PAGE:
So these can probably be safely removed for now.

Though perhaps it's possible to make some special gate logic which doesn't execute a transition table... but just a transition table path...

So the transition table... would be more like a table explaining which other tables need to be executed and in what order preferable.

Possibly example of this idea:

32 to 32 8 8 8 8 8 T1 8 T2 8 T3 8 T4

Maybe this might be sufficient to explain which parts of input 32 needs to be excuted and to which output it needs to be piped.

However.. a single transition table call seem unlikely for more complex functionality.

Perhaps these tables could be made 3D to give more calling oppertunities.

Not sure in what order it might make must sense to execute...

All at once, and then slice wise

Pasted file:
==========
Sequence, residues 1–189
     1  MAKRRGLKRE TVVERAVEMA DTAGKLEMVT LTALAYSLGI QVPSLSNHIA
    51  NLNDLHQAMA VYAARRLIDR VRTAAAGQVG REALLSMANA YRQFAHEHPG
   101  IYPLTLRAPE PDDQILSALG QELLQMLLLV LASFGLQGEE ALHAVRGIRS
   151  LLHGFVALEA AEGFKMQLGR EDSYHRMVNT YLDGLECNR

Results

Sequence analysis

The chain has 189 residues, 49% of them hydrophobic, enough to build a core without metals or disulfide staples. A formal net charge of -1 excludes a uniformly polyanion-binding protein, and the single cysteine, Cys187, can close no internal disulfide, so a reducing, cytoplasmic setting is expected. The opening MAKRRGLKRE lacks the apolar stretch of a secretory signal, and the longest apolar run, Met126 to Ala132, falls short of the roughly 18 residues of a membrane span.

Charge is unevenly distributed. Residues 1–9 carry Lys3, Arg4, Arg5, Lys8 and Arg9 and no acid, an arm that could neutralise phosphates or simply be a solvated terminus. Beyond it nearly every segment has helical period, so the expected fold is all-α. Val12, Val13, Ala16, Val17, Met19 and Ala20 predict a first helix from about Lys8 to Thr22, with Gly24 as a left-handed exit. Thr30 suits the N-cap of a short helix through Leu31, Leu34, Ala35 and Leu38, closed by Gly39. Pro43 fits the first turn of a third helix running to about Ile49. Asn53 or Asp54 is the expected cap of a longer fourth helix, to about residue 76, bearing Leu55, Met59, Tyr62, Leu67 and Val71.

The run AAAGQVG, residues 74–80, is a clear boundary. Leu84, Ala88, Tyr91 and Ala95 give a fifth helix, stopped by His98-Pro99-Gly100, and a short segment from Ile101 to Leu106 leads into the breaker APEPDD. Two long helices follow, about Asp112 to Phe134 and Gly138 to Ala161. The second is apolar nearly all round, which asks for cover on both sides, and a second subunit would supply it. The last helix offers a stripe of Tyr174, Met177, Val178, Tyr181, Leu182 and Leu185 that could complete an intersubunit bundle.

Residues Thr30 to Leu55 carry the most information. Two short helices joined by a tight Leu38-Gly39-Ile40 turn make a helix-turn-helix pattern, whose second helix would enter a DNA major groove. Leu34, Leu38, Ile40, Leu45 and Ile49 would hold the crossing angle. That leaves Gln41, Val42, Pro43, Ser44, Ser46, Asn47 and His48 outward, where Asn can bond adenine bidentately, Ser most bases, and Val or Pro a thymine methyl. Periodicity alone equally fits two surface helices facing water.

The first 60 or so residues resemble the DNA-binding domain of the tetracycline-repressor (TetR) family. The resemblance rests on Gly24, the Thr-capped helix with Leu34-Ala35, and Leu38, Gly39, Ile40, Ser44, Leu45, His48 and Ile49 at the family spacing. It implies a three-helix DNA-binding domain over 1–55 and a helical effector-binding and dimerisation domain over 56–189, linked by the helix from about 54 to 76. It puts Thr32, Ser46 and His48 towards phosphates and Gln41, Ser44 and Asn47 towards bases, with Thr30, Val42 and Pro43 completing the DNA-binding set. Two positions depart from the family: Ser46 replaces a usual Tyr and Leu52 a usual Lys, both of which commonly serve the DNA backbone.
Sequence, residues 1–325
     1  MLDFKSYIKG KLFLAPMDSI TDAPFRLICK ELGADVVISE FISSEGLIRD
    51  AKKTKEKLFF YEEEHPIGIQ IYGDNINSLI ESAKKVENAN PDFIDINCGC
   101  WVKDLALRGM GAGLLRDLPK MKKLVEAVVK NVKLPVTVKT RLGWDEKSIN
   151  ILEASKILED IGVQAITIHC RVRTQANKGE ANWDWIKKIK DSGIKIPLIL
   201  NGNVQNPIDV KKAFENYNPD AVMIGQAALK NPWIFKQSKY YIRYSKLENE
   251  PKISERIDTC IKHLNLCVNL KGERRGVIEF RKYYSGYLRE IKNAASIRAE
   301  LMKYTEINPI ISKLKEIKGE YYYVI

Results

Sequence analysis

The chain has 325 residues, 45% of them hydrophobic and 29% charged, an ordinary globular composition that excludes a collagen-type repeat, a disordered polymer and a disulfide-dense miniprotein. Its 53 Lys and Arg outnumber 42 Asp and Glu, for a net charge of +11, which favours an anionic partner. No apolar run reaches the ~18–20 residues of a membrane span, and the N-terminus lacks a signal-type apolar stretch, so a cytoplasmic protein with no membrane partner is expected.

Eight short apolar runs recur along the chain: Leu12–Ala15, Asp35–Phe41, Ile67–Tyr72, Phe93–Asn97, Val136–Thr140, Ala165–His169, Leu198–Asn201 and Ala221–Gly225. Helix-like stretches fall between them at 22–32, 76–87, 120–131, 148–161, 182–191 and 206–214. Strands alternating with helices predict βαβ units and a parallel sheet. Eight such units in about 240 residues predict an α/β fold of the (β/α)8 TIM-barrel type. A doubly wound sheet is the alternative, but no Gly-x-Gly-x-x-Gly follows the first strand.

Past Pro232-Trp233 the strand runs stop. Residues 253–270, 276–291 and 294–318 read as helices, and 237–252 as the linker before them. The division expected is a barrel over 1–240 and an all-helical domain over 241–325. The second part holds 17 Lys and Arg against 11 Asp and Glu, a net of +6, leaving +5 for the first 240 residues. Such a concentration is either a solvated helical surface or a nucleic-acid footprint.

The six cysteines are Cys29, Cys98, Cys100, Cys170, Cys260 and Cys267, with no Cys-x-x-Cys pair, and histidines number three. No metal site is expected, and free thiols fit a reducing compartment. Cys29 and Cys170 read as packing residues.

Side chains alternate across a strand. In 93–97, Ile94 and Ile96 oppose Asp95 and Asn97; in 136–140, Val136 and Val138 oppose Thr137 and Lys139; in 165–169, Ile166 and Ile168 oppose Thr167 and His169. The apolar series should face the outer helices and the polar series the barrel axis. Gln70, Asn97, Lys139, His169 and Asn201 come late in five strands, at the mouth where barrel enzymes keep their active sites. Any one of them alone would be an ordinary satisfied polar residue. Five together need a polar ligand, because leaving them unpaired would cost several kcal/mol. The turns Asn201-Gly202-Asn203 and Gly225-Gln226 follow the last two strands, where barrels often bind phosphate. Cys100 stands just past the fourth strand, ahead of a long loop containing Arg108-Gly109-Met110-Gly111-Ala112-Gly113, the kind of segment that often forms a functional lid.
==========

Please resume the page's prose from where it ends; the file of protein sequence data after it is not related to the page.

Or depth first.

Perhaps that could also be a configuration for maximum flexibility. This would make the instruction encoding a bit more complex but still doable I think.

Instruction encoding could be something like:

TransitionTableToBeCalled, 3DProcessingOrder, Argument1, Argument2

I will leave it at that for now...

Perhaps this byte-wise approach might make practical sense...

Though a bit-based one might also be more interesting.

Bye, Skybuck :)

Reply to
Skybuck Flying

transistor. What else :)


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If you've got 2 input numbers & 1 process, each 1-32, the number of lookup cells is [naively] 32x32 = 1024. You might reduce that with a few tweaks, eg

- reordering the input numbers would permit proessing upto eg 16x32 or 32x16

- for some processes you might flip a line according to the input value, halve the input value then eg double the result after the lookup. etc

- symmetrical processes only need half a table etc


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" If you've got 2 input numbers & 1 process, each 1-32, the number of lookup cells is [naively] 32x32 = 1024. You might reduce that with a few tweaks, eg "